Dr. Marie Murray, PharmD, was a Pharmacy Resident at H-E-B Pharmacy this past year. In November, Marie met with a patient for a comprehensive medication review (CMR). Marie learned that the patient was not taking her blood pressure medication correctly and did not have a blood pressure monitor to check her blood pressure at home. Marie talked to the patient about taking her medication correctly and recommended that she get a blood pressure monitor. In May, Marie followed up with the patient to complete a follow-up CMR, and found that the patient had been unable to obtain a blood pressure monitor because she could not afford one. Marie recognized that the patient had financial and transportation issues, reached into her own pocket, and arranged for the patient to receive a FREE H-E-B blood pressure monitor.
 
 
 
 
 
Ashley Lorenzen, PharmD, BCPS
 
Throughout my short pharmacy career, I have had the opportunity to have an impact on many patients’ lives, but one patient that stands out to me is a gentleman, “Eric,” who I met at the primary care clinic where I practice. I had identified Eric as a patient with an A1C  greater than 9% (actually 15.9%) and approached the provider to inquire if he would like me to provide support, medication adjustment, and education to the patient. The provider told me "no, he won’t work with you, they don't have any money and don't really care." Since I was new at the facility and still gaining respect, I didn't argue. About 3 months later, after having many other successful patients and gaining the provider’s respect, Eric was at the clinic when I was working. The provider told me I could try to work my "magic." I met Eric, got a full history, including motivation and financial implications, and through many phone calls, visits, discussions with his insurance, and countless medication adjustments, was able to decrease his A1C to 7.1% in just 3.5 months, all because of the relationship I was able to establish with Eric, earning his trust, and being his cheerleader.
 
 
 
 
 
 
 
Morgan Payne, PharmD
 
Over time, I have developed memorable relationships with patients, but one moment in particular left a lasting impression on my current and future pharmacy practice. I work within a federally qualified health center (FQHC) family medicine clinic, which provides comprehensive outpatient services for under-served patients of Colorado. Together with a multi-disciplinary team, I had been providing care to a woman with diabetes for just over 6 months. Through all of her hard work and dedication, she was able to significantly improve her diabetes control. One day, she arrived to clinic with her daughter who had taken off work to accompany her to the appointment. Her daughter told me that she wanted to come in person and thank the woman who had made such an impact on her mother's health and hope for well-being, which in turn positively improved their family dynamic. In that moment, I was immediately taken back to why I chose this profession. As pharmacists, it is usually apparent how you are helping the patient in front of you, but this experience was a great reminder of how your actions can have rippling effects on family members and loved ones of ill-burdened individuals.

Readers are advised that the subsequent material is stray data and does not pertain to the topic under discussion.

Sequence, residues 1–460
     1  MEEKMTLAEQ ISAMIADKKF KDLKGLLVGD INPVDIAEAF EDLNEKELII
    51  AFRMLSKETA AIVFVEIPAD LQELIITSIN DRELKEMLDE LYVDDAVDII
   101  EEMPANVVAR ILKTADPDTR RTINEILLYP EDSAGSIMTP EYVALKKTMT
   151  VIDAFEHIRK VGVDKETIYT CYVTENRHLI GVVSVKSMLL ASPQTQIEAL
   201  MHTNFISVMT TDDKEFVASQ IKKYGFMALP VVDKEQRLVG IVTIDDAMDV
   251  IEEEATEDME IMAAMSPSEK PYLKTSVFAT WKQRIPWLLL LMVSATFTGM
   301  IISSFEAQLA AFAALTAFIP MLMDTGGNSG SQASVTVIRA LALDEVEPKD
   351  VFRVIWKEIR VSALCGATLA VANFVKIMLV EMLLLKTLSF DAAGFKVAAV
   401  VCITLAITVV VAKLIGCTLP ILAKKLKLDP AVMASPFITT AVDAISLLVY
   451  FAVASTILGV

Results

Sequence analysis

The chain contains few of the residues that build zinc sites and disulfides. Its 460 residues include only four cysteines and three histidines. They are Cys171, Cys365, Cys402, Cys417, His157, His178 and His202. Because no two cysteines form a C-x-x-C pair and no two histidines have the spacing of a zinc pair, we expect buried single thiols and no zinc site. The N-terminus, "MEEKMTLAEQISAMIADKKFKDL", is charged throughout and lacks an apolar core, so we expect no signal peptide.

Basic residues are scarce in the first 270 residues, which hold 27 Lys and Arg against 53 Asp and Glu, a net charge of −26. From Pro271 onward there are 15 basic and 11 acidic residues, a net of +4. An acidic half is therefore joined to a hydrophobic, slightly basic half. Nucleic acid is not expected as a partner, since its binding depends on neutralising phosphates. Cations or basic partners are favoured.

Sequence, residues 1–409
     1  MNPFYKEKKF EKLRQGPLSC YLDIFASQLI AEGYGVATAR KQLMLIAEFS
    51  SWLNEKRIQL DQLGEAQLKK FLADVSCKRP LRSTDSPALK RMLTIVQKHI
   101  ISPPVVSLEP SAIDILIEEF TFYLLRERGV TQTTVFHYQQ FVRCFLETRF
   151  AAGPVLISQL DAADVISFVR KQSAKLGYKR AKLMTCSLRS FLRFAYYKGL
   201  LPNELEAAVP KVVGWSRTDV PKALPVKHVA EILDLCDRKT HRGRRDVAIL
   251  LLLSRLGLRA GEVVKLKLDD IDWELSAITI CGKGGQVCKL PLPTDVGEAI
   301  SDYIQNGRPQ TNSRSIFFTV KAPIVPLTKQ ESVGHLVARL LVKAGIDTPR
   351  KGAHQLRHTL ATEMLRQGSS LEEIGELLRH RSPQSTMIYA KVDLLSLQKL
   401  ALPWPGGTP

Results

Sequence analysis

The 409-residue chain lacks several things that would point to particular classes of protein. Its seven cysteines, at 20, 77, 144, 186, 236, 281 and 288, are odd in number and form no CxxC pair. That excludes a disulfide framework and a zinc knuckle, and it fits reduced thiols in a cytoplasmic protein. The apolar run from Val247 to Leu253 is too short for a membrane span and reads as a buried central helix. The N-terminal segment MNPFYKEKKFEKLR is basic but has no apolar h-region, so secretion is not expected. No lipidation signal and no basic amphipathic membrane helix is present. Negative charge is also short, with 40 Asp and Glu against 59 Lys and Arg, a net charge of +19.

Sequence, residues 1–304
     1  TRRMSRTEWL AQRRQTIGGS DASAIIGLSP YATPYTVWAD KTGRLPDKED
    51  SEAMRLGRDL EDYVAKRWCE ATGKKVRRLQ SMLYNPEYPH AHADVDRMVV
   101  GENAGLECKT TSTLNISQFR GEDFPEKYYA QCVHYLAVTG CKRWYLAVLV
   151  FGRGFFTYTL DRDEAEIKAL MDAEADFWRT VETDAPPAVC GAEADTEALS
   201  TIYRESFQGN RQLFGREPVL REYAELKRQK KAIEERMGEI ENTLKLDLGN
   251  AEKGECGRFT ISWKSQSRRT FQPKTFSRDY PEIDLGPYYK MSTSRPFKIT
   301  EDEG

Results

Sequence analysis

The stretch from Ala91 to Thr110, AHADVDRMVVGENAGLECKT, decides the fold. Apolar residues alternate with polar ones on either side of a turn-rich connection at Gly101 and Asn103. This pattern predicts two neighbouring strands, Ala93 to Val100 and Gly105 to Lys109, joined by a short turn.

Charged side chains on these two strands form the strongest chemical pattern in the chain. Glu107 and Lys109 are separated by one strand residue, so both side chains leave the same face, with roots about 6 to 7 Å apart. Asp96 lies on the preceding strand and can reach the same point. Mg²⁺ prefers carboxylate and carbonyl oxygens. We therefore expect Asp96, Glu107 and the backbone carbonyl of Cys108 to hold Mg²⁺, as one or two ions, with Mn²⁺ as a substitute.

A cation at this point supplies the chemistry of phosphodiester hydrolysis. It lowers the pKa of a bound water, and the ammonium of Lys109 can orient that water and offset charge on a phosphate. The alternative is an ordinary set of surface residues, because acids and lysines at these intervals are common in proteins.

Mary Teresi Milavetz, PharmD, FAPhA
 
During my initial years at the University of Iowa, I taught the Oncology therapeutic courses as well as supervised a Pediatric Oncology clerkship.  I heard rumors that my clerkship was “tough” and the preceptor (me) was quite demanding. This is not necessarily the glowing feedback one desires…BUT fast forward several years. The comments I have received from past students are that my rotations may have been tough, but they learned A LOT.  Not just about oncology, but a thought process on evaluating drug therapy.  The time/turmoil was worth it!
 
 
 
 
 
 
 
 
 
 
 
 
Kristin Morse, PharmD
 
When Kristin Morse, PharmD realized a little boy was drowning at her daughter’s pre-kindergarten swim party her BLS training kicked in.  She helped pull the child out of the pool, instructed someone to call 911, and started chest compressions.  The child gained consciousness after a few rounds before the paramedics arrived.  “It seemed like the longest few minutes of my life and I was praying the entire time that God would work through me to save this boy.”    Though Kristin’s current job position is more managerial in nature and does not “require” BLS certification, she has continued to maintain it.  “I never expected I would need to use my BLS training, especially in a social setting.  However, I am so thankful for my pharmacy training that supports and encourages pharmacists to become BLS and ACLS trained.”